NeuroMetrix Inc. will sell a new version of its pain-zapping dongle, Quell, starting this spring.
It looks like a powder compact and is worn strapped to the calf — that’s the best spot for Quell to work its magic, even if the wearer is aching elsewhere, because of how the body’s nerves are arranged. The zapping feels like a gentle vibration, according to Waltham-based NeuroMetrix.
The new version of Quell is approved by the Food and Drug Administration and has a longer battery life. It’s also the first version that can be controlled remotely; wearers can adjust the intensity of the current and turn it on and off from an app on a smartphone.
Earlier versions of Quell have been able to sense when the wearer is asleep, and power off or decrease the intensity of stimulation during that time. NeuroMetrix claims this sleep-tracking feature has become more sophisticated in the new version.
“There’s a link between pain and sleep — if you’re in pain you don’t sleep if you don’t sleep well you pain is worse,” said Frank McGillin, senior vice president of consumer health at NeuroMetrix.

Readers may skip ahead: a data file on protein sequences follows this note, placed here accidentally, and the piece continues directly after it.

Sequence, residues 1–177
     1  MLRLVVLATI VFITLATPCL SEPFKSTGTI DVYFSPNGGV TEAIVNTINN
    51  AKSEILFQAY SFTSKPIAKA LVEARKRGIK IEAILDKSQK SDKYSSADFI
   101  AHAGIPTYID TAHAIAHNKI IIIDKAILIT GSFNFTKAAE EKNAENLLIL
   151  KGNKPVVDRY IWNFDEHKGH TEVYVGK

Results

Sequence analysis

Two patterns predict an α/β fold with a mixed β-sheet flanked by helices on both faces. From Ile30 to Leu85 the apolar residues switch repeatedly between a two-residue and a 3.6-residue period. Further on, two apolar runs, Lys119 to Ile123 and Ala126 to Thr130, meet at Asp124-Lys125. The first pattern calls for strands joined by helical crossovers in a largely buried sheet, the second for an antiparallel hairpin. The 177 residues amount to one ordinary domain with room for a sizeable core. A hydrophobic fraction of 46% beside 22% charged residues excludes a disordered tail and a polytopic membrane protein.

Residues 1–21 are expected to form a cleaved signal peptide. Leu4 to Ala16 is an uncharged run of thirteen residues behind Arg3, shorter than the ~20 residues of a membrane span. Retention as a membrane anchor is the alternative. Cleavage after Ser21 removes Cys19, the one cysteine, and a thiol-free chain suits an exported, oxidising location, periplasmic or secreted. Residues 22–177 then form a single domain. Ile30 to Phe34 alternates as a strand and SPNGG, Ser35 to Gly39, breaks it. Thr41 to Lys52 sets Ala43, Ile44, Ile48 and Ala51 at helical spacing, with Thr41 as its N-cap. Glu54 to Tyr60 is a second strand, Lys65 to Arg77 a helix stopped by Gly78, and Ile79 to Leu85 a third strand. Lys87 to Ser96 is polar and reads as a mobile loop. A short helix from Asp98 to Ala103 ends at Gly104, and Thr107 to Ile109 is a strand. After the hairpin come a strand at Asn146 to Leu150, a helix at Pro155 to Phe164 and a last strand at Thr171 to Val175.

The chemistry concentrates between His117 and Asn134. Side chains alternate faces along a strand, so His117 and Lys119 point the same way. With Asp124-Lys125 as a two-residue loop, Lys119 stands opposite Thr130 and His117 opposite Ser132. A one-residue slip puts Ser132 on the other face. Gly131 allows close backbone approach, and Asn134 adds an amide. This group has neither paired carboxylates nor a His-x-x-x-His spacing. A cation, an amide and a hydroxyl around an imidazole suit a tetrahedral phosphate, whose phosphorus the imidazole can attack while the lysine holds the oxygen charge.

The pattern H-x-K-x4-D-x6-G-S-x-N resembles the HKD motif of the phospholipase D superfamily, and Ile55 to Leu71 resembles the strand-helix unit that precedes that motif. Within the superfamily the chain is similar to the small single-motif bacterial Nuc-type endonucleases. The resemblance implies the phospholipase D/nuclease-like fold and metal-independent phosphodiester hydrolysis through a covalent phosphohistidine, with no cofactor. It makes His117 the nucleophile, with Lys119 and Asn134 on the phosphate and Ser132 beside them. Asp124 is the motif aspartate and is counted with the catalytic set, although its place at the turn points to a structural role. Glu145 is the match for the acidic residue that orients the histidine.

Although the idea of strapping a shock-emitting device to your leg might sound a little weird, “transcutaneous electric nerve stimulation” is an accepted form of medical therapy. Founder Shai Gozani founded the company in 1996 with the goal of bringing people relief with a device that was smaller than previous versions and had no wires.
In August, the company described the results of a study that followed 88 people who used the Quell device to treat a variety of conditions, including arthritis, diabetes, and sciatica. Two thirds of that group reported that they decreased their dose of pain meds while using the device.
The FDA approved the first version of the Quell device in 2014, and it went on sale last summer for $249. The new version will be available for sale in March. Both can be purchased without a prescription.